T

he above title is taken from number one hundred and thirtyseven (#137) of Water from the Rock (WfR). I have chosen this title because it speaks to my heart and inspires action. Before I proceed with this reflection, I would like to acknowledge with gratitude the good work done by the team who organised the Marist Spirituality workshop in Nairobi for Brothers and lay people. I am indebted to Brothers Teófilo, Mario, Pau and Christian for organising such an enriching workshop and also sharing so much of their experience with us. I was introduced, together with other Brothers from the Marist District of West Africa to

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Water from the Rock for the first time during our annual retreat this year, 2008 in Kumasi. I opened my eyes to the richness of the book. Then, again, I have learned more about the book also during the workshop on Marist Spirituality in Nairobi. The manner in which the book was presented sparked a fire in my heart and probably in the hearts of all the eighteen participants as well. I felt the same way as the disciples on the way to Emmaus (Luke 24:32). We were open to the strength and power of Marist Spirituality. At the end of the presentation one could not help but love the book, cherish it and treasure it. Water from the Rock is a gift from God to the In- ‘little Brother of Mary?’ What type of Gospel am I stitute; it is the greatest legacy we as Marist preaching to people with my life? Is my presence Brothers and Lay Marists have received. Thanks Good News to people around me? This number to Marcellin Champagnat and the first Brothers challenges me to reflect on my life, and it also who handed down this treasure to us. The docu- invites me to be Champagnat of my time. ment, Water from the Rock indeed enriches prayer, provokes reflection and inspires action Again as I reflect on number 104, I feel myself (WfR page 19). Since the day the book was pre- being invited to not only gather, bless, break, and share but also to become a sented to us during the work“living altar, where Christ’s sacshop, I have made the docuJesus answered rificial love is made present as ment my personal prayer book. and said to her, an inspiration and a source of I reflect on a number of issues raised in the document. Water “Everyone who drinks spiritual nourishment to everyone … I meet” (Benedict XVI from the Rock is a practical this water 2008). In addition, I am struck book, a book that calls for acwill be thirsty again; by the invitation in number tion. Any time I open it, I feel but whoever drinks 137, that in spite of my limitathe presence of Marcellin Chamtions, I am being called to be pagnat, I fall into prayer and I the water I shall give “a visible and permanent memofeel called to put what I read will never thirst; ry of the loving and merciful into practice. the water I shall give presence of God in the midst of will become in him people: living sign of the FaI am particularly challenged a spring of water ther’s tenderness” This is both and at the same time encourchallenging and encouraging. aged by some numbers of the welling up The document, Water from the book. In number 6 , it is said to eternal life. that the first Brothers’ “way of Rock speaks constantly of God’s Jn 4,5-14 living the Gospel was a reflecloving presence in spite of our tion of the character, values, nothingness. It is this reason and spirituality of … Marcellin Champagnat”. that I say, the book; Water from the Rock is a This number raises several questions in my mind: treasure, which every Christian must look for. It Questions such as, does my life reflect the name is indeed living water.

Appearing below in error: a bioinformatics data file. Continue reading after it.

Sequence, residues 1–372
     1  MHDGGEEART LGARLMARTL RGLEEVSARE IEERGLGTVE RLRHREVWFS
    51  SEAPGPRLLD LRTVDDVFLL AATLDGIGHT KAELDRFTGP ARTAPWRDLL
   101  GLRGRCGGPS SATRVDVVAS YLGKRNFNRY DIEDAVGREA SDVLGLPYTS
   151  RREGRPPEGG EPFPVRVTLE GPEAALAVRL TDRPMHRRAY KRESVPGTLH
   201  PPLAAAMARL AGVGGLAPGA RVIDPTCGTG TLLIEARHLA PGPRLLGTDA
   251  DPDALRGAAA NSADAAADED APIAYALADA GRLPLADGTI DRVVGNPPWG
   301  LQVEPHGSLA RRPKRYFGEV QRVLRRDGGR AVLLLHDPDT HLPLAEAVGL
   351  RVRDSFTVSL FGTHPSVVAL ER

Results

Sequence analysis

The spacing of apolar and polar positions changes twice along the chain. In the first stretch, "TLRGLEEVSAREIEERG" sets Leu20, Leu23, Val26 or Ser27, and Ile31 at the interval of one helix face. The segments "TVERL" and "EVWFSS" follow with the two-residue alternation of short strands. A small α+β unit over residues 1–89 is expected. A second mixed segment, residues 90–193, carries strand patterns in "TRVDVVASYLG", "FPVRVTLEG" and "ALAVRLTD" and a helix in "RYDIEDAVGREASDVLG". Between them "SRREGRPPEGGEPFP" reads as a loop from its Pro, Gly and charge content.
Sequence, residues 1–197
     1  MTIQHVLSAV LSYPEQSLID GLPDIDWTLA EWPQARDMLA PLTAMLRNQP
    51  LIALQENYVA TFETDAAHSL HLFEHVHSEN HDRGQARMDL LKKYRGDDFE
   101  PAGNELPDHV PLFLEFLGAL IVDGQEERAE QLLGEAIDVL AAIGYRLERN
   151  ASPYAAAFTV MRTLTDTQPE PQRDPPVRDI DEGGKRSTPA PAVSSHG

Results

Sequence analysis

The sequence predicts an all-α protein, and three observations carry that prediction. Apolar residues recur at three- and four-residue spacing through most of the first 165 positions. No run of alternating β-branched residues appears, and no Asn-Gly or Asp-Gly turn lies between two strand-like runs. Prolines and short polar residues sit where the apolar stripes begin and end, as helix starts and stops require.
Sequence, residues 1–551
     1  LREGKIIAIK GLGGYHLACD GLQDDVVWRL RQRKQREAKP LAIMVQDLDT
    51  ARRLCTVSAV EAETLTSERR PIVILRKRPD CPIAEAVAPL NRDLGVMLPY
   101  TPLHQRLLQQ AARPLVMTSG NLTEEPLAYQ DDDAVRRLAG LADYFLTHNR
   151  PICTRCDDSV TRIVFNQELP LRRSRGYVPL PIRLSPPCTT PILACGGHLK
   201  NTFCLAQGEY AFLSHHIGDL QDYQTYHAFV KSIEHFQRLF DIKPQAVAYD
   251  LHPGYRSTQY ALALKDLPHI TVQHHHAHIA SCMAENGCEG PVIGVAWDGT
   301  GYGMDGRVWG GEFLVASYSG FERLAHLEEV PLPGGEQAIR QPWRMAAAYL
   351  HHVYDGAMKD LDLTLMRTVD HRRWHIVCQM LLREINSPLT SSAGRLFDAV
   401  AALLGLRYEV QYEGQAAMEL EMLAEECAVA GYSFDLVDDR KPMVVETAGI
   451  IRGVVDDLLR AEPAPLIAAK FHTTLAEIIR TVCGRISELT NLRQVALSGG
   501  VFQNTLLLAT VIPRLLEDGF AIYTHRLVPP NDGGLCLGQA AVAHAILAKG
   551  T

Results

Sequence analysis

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Album of the Year of Spirituality

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1. Asunción – Paraguay; 2. Canadá; 3. Roma – Italy; 4. Dadiangas – Philippines; 5. Bangkok – Thailand; 6. Atenas – Greece; 7. Jérémie – Haití; 8. Los Teques - Venezuela; 9. India; 10. Cruz del Sur – Argentina


11. Kidapawan – Philippines; 12. Loja - Ecuador: 13. Medellín – Colombia; 14. Nyungwe - Malawi; 15. Madagascar; 16. Norandina; 17. Roma – Italy; 18. Giuliano – Italy; 19. Marcellin Nivasa - Sri Lanka; 20. Nairobi – Kenya; 21. Valladolid – Spain.

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Fear not, be not troubled: did I not announce and foretell it long ago? You are my witnesses! Is there a God or any Rock besides me? Is 44,8

The burning sands will become pools, and the thirsty ground, springs of water; The abode where jackals lurk will be a marsh for the reed and papyrus. Is 35,7


Message_39EN  

Year XXIII - n° 39 - June 2009